This question must be tackled by any Arthurian story with pretensions to depth and significance.
The usual examples that I have come across are related to things like 'peace and prosperity and justice'. Arthur is (supposedly) a Good King because he provides (or at least tries to provide) these - against a alternative backdrop of endemic violence, social chaos, starvation, and arbitrary tyranny.
But - while these outcomes are undoubtedly highly desirable - they are a means to an end - they are a paradise of the farmyard, rather than something especially human.
Therefore Arthur needs also to bring civilization. The stories which use the historical Arthur tend to place him in the incipient 'Dark Age' period after the Romans left England; and therefore can present Arthur as a Roman - who wishes to restore a complex, literate and unified society.
This provides a higher ideal, especially if it is linked to the still existing international civilization of the Eastern or 'Byzantine' Roman Empire - although I have only come across Charles Williams who used this plot device.
So, thus far Arthur can be regarded as aiming to restore the Roman Empire and establish international exchanges of goods and ideas; as well as provide peace prosperity, and justice at home.
But who is to say that any of these things are Good?
After all, that is what most of Western Europe and the Anglosphere has had for the past couple of generations and the result has been a society which lives for distraction and strategizes to destroy itself.
Indeed, the modern Westerner is likely to see the uncivilized, illiterate and violent 'Celtic' and Gothic tribes as more admirable (certainly more 'romantic' - ironic pun intended) than the Romans - more proud, free, spontaneous, artistic and spiritual. The Romans are admired rather than loved; and indeed are perhaps more often hated than admired - so a Roman-restoring King does not have much appeal.
The missing element is, of course, Christianity. In restoring Roman Civilization, and rejoining the Byzantine Empire, Arthur was bringing his people back into Christendom: and that is (or should be) the ultimate reason why he was a Good King.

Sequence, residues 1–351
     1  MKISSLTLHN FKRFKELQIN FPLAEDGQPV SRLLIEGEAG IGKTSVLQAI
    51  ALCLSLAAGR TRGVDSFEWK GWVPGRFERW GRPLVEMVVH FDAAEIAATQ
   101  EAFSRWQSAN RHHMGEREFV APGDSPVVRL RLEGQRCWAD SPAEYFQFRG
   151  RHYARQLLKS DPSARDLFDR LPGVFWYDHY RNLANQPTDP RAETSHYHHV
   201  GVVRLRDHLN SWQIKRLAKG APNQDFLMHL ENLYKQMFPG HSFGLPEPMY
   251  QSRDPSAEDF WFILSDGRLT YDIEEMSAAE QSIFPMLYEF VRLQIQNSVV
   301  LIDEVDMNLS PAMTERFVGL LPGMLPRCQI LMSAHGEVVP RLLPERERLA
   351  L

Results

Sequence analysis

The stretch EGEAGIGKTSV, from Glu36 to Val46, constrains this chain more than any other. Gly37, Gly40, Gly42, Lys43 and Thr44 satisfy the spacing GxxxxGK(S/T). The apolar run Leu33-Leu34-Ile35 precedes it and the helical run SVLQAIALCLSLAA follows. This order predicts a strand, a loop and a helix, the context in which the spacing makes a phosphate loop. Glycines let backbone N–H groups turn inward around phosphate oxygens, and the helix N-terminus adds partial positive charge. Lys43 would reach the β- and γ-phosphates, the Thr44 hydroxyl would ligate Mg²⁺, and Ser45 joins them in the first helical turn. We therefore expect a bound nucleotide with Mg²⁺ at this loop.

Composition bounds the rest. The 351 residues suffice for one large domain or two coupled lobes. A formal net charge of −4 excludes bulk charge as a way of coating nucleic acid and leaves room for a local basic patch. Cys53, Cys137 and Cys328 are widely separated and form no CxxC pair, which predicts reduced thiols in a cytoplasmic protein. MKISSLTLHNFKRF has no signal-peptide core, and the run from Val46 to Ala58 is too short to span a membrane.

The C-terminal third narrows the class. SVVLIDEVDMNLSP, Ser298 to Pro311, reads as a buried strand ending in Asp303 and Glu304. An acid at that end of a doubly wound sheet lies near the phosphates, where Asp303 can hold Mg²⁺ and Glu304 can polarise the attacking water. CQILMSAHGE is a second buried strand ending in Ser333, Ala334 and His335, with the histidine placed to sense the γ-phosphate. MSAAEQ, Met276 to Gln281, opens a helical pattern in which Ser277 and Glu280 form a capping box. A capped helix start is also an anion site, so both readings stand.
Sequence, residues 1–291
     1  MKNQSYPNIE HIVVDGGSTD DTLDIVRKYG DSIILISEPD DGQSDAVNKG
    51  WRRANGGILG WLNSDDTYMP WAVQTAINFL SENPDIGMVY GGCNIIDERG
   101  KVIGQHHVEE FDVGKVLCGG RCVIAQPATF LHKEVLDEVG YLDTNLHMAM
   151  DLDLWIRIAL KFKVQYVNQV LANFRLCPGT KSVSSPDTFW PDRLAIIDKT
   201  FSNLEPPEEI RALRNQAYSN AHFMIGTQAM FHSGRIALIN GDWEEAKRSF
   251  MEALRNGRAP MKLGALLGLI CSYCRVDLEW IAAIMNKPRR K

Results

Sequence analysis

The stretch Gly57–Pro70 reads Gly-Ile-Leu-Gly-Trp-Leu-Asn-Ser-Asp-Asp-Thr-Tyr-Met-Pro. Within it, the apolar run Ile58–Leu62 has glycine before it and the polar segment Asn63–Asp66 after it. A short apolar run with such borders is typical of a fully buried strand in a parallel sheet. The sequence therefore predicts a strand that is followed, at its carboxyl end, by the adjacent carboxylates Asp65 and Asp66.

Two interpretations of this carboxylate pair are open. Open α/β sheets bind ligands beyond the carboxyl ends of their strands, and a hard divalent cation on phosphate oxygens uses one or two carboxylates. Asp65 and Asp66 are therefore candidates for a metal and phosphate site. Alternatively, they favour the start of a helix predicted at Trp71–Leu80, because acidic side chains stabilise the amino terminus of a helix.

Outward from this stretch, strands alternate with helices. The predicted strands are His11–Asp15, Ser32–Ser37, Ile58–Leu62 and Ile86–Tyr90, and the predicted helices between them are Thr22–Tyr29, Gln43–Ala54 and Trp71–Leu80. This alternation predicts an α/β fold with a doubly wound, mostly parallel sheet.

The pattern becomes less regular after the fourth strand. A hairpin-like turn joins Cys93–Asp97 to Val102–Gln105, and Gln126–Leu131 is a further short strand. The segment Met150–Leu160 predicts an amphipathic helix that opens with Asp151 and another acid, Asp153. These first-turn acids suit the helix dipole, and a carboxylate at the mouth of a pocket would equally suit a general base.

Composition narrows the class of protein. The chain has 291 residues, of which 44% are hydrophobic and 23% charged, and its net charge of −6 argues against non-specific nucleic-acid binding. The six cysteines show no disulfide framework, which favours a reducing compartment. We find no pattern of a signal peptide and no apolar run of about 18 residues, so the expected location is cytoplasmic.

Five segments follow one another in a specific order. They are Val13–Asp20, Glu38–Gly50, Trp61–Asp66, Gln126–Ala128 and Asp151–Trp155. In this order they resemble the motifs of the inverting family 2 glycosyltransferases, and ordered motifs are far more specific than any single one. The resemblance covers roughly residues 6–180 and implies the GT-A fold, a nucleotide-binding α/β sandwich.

When writers (like Malory or Tennyson or TH White) set their Arthur legends in Medieval times, instead of the Dark Ages, this profound Christianizing rationale is not available to them - because Medieval England was already Christian; and the artificial and unsatisfactory plot device of The Grail Quest has to be introduced to provide a bolt-on spiritual dimension for Arthur.
Modern people tend to suppose the 'Dark' in the Dark Ages refers to lack of goods and technology, or something material; but of course it actually refers to spiritual darkness.
Modern people forget that the Roman England had been Christian for several generations before the legions departed; and that when Rome fell the capital of the Empire had long since moved to Constantinople. Unfortunately, this meant that Britain was cut-off from (the New) Rome, except by a long, complex and dangerous sea voyage - and the consequence was rapidly catastrophic: materially and spiritually.
But for a (semi-) historical, Dark Age, Romanizing King Arthur; the motivation of re-Christianizing an England slipping back into paganism, and rejoining England to the international Empire of Byzantine Christendom, would represent an ideal spiritual motivation; and one whose potential has barely yet been tapped.
Now, if only I was a storyteller...